Arica, Chile

After a late night watching the Super Bowl in the Main Stage, complete with snacks appropriate to New England and L. A., the clocks moved forward two hours, making it even harder to get up for this morning’s tours; they were worth it. Arica is located in the Atacama Desert, which runs along the coast in southern Peru and northern Chile. As you can see from the background of the first photos, the landscape is brown and barren. A local university professor, named Juan Diaz Fleming conceived of a public art installation to make the desert more interesting. I love the name; translated into English, it is the Garden of Presence.

The first photo shows me standing next to one of the concrete sculptures Fleming created. This one represents Pacha Mama, the Chilean name for a goddess who is like earth mother. It is supposed to be a uterus with Fallopian tubes at the top. The orthopedic surgeon in our group thought as an OB/GYN I should be photographed with her! The next photo is a sundial. The last two represent a man and a woman. Chilean dancers in native festival costumes are seen with the sculpture representing man.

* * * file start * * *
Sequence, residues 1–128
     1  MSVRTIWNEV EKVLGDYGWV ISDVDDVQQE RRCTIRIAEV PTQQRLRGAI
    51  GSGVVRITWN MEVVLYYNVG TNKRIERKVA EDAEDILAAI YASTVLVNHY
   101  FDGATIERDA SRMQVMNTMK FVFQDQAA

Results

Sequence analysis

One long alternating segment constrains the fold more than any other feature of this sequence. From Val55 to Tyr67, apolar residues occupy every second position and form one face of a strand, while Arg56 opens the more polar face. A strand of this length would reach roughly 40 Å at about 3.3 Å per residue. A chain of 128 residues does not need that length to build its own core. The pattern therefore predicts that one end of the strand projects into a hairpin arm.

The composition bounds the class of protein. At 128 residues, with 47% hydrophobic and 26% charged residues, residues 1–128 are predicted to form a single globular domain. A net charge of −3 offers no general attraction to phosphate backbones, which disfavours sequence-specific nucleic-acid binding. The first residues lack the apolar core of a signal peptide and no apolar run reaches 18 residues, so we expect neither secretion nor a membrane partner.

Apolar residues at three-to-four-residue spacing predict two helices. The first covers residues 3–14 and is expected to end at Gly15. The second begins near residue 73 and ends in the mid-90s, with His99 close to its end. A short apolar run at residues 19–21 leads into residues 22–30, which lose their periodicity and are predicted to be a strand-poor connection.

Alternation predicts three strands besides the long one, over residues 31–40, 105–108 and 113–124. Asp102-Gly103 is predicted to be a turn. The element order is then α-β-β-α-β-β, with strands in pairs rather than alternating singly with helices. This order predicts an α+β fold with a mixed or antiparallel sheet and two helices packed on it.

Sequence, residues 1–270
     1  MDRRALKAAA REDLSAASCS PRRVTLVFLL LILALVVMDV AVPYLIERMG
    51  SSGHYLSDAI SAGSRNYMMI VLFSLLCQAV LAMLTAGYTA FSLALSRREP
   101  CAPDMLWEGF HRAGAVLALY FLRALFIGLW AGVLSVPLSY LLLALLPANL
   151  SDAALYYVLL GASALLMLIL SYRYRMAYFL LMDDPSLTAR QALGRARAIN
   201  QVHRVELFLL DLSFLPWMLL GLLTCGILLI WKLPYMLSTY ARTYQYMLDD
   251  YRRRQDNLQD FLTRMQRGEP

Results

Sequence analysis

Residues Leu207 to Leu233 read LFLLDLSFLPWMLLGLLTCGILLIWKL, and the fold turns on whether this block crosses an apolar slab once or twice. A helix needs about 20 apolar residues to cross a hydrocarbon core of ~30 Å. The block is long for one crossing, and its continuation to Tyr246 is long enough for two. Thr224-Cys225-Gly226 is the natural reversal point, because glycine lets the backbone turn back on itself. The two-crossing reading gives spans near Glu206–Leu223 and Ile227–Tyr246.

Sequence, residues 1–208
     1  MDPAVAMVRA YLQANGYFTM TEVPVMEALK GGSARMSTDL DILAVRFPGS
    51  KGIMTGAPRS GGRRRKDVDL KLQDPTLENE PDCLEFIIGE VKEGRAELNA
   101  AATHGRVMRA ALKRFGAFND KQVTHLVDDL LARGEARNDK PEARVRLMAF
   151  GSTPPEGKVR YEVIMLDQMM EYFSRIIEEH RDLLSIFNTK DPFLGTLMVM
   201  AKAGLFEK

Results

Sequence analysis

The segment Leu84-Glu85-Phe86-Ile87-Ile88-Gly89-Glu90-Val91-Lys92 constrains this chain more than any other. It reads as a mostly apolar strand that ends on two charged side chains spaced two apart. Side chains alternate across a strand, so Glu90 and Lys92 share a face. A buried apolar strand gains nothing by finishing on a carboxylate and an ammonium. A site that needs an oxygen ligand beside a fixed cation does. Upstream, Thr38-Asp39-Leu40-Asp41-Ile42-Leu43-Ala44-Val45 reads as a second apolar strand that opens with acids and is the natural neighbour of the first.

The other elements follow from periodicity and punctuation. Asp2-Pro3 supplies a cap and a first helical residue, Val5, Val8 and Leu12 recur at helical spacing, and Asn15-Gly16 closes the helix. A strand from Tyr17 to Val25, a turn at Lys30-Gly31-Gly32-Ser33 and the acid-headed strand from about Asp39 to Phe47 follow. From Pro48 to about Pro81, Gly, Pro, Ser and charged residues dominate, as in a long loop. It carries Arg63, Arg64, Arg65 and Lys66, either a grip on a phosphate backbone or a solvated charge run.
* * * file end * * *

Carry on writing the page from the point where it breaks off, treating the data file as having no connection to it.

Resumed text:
A few years ago as the water company dug a sewer line, they discovered mummies. An archeological site was declared. Multiple bodies and artifacts have been found and are exhibited in the museum we visited next. Carbon dating showed these bodies to be over 7000 years old. The Chinchorro and their culture from 5000 B.C. are well represented. This makes me question the theories about people from North and South America coming over a land bridge in Alaska!

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